Red Lion Hotel
The licensees, of the 4 public houses in Stalbridge, at the time of the 1918 auction sale, had already been in residence for some years. All 4 were included in the 1918 sale along with the New Inn at Stalbridge Weston.
Chas Meader records in his memoirs, written in the 1930s, that in the 1850s, along with 2 breweries, located at the bottom of Church Hill and in Gold Street, there were 14 public houses in Stalbridge.
The former Red Lion Hotel had 8 bedrooms, a bar, clubroom and commercial room, along with an adjoining cottage, along with 3 acres of land, stabling and outbuildings. The carriageway arch provided access to the stabling and the field at the rear of the hotel. The army used this field during World War Two, erecting Nissan huts, latrines, a cookhouse and incinerator. Widower, Fred Wilson Wright, is listed as the licensee in the 1911 census, assisted by his son Percy, born in 1893. His widowed mother Sarah (nee Collier), born in 1834 at Swanage, is also in residence. His father, Robert, born 1819 in Northampton, had passed away in 1898 and is interned in Stalbridge churchyard. On his retirement, from the Inland Revenue, Robert and Sarah had been the proprietors of a hotel in Studland for over 20 years, before moving to Stalbridge.
Robert and Sarah had married in 1859. They had five children, Fred born 1863, Ada 1864, Clara, 1870, Charlotte 1872, and Robert Wilson Jnr, born 1884. Sarah passed away in 1920.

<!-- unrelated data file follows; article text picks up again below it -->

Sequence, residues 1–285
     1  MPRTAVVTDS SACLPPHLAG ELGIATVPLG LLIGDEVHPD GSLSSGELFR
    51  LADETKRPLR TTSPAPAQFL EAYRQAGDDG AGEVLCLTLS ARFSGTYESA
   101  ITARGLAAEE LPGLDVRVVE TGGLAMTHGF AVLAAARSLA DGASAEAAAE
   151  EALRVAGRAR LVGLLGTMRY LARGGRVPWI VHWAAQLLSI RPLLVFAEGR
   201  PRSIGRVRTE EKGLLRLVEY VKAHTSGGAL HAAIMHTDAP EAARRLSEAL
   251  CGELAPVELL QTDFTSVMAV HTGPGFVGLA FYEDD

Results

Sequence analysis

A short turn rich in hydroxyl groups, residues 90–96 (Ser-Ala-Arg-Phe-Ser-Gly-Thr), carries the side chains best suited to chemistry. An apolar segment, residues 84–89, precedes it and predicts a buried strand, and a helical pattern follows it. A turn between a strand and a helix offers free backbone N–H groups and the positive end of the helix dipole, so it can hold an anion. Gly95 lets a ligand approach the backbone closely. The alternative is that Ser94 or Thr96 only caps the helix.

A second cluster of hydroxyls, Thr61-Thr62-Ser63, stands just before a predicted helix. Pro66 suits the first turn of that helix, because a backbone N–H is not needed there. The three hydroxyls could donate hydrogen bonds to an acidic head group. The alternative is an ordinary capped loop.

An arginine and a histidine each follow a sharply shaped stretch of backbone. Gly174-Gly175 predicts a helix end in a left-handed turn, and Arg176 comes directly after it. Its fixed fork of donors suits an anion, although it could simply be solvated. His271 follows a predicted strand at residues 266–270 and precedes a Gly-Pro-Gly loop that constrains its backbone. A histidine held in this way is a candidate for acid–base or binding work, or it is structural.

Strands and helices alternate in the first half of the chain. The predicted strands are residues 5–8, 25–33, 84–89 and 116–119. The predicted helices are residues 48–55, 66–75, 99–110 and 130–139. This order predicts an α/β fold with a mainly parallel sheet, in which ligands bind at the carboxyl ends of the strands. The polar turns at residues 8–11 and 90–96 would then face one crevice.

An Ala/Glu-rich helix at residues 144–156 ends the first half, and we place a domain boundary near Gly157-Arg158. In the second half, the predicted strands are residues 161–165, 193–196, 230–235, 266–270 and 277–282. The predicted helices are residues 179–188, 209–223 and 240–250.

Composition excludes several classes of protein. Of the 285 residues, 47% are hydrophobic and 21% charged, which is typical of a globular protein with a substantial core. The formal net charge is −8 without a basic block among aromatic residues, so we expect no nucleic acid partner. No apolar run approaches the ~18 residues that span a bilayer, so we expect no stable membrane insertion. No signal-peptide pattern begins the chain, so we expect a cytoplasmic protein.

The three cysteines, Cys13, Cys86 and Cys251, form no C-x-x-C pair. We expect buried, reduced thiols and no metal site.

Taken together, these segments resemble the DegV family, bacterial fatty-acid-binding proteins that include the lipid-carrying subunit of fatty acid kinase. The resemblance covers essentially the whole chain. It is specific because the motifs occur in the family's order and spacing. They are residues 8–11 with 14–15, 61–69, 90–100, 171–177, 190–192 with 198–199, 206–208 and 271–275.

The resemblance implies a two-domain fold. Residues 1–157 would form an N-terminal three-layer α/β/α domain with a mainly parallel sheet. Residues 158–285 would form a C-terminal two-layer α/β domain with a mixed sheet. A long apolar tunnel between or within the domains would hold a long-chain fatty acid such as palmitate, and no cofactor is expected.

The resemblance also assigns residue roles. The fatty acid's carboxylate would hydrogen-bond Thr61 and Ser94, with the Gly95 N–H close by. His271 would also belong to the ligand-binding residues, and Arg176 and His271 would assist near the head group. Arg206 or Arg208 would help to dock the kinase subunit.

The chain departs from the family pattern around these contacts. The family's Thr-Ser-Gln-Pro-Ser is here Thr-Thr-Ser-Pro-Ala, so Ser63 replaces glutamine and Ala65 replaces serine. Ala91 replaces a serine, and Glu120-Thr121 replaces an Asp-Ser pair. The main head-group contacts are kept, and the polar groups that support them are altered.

The Red Lion Hotel, and attached land, which failed to meet the reserve price of £900.00d, is listed in the sales ledger as being sold to a Mr. R Young for 750.00d. William Rolls is listed as the tenant in 1918. He had married Marcia, at Exeter in 1905, and is listed in the 1911 census as the Innkeeper and Blacksmith at Redlynch, Salisbury, before moving to Stalbridge in 1914. Their fourth child, Henry, was baptised in Stalbridge church in the February of 1915. The following year William enlisted in the Army Reserve on the 10th December, with the Army Service Corps, aged 32. He was mobilized on the 23rd April 1917, arriving in France on the 23rd June, then transferring to Egypt on the 1st July, serving as a lorry driver with the Mechanical Transport Division. William was de-mobbed on the 24th October 1919, having served overseas for over two years, leaving his wife Marcia to run the Red Lion Hotel. The couple moved to the White Hart Inn at Longham, near Hampreston, in 1920.